65 Coupe Update IFS Re-Do (Still), Cutting the Dash, Cookie Sheet Heat Shields and a Roomba Battery-Ectomy   Leave a comment

The front IFS is still not right, and the responses from the forums and the directions are confirmed by Jason at Factory Five Racing. Now the difficult task involves more un-building and hoping parts are not damaged. The ball joint on the passenger side needs to be removed and the upper A-arm top plate has to be flipped over. This is a direct result of an error in the Factory Five Racing Type 65 Coupe manual (revision 3E, July 2011) on pages 60 and 61 and 63 and 64.

The manual says to install the ball joint into the upper control arm to make “a left and a right.” I did this, and now must dis-assemble one of the ball joints. A new upper control arm is more than $200, so this is a costly error if I am not able to correct this.

The correct orientation is shown on the driver’s side of the suspension. The passenger side is incorrect. This assembly is difficult to describe in words, so it is best shown with pictures.

Here is the driver side showing the upper control arm and the ball joint mount on the plate – see the wedge-shaped, “thicker” end at the apex of the triangular plate? This is correct.

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This is the passenger side upper control arm. See the thicker wedge-shape on the opposite side of the apex? This is incorrect (wrong).

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kh6wz 130-Pass IFS

I dis-assembled most of the front suspension to get to this ball joint. However, the ball joint fits into the spindle via a tapered hole. . .  meaning that some force must be applied to remove the ball joint stem from the spindle. I started by tapping – then pounding – with my plastic hammer, since I did not want to damage anything. No good. I changed to a scrap of oak and my ball-peen hammer and hit it hard for several minutes. Still no good. I got rid of the piece of wood and really slammed with the ball-peen hammer. Finally, the stem popped loose.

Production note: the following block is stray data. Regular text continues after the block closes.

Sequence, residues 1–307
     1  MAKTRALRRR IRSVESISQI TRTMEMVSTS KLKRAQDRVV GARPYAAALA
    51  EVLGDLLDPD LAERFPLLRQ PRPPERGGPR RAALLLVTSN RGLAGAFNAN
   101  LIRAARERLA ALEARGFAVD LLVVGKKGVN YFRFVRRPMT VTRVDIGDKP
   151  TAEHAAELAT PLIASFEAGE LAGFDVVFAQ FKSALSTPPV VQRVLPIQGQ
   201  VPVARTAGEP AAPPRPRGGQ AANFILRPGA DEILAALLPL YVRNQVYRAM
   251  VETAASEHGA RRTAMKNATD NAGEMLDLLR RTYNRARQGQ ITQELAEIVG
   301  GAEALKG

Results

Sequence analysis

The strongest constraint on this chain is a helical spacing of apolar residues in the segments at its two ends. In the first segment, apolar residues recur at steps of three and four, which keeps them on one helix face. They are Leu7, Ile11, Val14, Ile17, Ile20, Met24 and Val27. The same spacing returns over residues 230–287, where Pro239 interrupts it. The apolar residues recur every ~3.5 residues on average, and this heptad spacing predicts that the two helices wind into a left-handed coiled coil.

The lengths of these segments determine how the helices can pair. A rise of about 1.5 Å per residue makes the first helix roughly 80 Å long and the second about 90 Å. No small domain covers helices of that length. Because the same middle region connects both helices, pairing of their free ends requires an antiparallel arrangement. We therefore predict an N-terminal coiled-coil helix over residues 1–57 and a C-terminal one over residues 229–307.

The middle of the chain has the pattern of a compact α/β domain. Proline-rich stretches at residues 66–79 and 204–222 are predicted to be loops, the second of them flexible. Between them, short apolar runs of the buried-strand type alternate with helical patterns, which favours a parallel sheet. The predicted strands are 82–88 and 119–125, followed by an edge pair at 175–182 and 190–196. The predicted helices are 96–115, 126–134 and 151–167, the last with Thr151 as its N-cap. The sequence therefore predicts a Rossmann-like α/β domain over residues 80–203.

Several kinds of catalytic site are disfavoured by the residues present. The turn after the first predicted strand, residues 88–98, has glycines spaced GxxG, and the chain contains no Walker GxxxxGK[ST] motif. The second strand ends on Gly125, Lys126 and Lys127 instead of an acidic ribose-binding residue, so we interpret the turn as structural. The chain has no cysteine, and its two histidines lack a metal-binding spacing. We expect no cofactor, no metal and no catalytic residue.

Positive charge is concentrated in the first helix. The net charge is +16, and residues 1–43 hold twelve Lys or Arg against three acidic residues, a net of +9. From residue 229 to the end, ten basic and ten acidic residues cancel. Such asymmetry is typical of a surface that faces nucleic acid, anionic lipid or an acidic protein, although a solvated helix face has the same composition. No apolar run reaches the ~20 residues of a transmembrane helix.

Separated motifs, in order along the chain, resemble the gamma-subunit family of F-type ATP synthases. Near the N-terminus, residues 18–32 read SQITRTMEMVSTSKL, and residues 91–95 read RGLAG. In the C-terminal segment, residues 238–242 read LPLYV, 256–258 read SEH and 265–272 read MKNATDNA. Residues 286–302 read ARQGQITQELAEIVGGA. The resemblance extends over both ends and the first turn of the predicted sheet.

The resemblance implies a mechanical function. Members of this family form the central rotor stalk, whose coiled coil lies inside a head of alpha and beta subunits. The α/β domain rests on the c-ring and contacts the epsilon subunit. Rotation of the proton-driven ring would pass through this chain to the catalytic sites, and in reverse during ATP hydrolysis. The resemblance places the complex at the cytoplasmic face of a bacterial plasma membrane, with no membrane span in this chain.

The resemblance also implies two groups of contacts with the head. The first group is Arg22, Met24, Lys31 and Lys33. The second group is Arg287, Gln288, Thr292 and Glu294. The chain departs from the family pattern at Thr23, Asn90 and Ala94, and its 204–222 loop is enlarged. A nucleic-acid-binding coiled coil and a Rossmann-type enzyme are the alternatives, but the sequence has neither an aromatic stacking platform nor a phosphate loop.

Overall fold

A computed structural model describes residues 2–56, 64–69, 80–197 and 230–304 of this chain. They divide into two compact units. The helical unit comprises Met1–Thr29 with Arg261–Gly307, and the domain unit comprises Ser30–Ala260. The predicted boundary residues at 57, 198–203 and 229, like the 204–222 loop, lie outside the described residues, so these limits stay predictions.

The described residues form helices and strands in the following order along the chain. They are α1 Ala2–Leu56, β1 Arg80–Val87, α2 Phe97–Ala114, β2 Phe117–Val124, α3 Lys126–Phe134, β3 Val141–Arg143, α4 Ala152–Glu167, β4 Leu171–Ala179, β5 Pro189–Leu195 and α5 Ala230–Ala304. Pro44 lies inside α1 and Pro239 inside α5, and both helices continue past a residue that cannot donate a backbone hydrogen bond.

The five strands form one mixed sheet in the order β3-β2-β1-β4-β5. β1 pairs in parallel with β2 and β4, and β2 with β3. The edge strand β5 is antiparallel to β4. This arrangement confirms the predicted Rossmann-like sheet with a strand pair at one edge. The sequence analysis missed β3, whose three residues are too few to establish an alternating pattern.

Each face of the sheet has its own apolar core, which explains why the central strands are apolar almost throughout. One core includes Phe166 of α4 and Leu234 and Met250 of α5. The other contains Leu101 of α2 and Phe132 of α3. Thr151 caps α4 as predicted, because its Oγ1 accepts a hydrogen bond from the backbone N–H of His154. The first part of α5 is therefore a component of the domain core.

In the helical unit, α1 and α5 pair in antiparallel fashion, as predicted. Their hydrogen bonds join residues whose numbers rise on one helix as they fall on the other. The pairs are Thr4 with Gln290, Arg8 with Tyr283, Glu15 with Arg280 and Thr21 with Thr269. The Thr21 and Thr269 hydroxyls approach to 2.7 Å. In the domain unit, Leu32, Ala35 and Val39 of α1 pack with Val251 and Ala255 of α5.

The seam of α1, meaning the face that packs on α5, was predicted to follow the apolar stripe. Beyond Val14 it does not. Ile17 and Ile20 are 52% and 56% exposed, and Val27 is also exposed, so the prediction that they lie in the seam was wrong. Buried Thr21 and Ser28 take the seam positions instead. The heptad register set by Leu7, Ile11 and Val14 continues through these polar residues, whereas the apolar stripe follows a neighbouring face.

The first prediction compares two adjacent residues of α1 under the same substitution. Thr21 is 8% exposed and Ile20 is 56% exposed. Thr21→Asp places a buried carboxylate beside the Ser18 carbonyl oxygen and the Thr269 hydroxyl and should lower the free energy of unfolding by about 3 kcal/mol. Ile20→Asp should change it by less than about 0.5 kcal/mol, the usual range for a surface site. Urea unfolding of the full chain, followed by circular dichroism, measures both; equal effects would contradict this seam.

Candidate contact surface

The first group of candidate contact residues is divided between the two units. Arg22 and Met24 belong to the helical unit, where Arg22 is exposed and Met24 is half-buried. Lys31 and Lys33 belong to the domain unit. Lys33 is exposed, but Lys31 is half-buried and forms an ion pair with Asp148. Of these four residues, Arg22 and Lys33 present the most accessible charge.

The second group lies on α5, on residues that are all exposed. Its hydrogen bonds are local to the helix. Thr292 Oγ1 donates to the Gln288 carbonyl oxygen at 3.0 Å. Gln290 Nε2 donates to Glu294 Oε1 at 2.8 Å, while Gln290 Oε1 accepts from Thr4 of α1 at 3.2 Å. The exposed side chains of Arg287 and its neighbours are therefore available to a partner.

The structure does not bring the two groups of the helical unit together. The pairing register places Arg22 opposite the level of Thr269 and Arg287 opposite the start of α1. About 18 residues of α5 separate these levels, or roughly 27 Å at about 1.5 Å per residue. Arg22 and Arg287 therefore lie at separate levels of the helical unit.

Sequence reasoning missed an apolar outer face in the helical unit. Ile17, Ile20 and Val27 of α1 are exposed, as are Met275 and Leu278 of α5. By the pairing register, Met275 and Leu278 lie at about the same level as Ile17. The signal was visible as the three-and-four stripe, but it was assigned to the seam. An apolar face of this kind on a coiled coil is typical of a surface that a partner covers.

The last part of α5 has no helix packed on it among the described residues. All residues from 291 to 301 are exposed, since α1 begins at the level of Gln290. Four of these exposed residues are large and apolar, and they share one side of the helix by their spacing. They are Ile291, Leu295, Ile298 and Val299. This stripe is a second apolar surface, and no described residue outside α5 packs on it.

Of course, this created a mushroom on the ball joint stem, and it would not come out of the hole. I filed around the mushroom and finally separated the ball joint from the spindle. I should be able to file or grind the stem so the ball joint can be re-used.

Mushroom on the stem!

Mushroom on the stem!

Removing the ball joint requires dis-assembly with 450 degrees F (since I used Permatex medium strength thread locker blue), a vise and a big wrench with lots of grip and torque.

I tried several times, but my vise just isn’t gripping the ball joint properly, it slips off. I need a bigger vise and a torch for this. My bench vise is too small.

Cutting the Dash

Since I could not remove the ball joint, I decided to move to another part of my project – cutting the dashboard in half. This is a popular modification that will increase access into the area between the dashboard and the firewall.  This area will soon be stuffed with wiring and air conditioner ducting, so the dashboard had to be cut sooner or later.

I wondered how this was done, should I leave a “lip” on one of the sections so I can patch the panels together? Or do I just slice along the fold? What is the safest way to do this with my power jig saw?

It turned out to be easier than I thought. Here are some pictures of the cutting operation . . .

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I used some duct tape and a wood scrap to hold the dashboard in place for the cut. My trusty Makita power jig saw did the trick.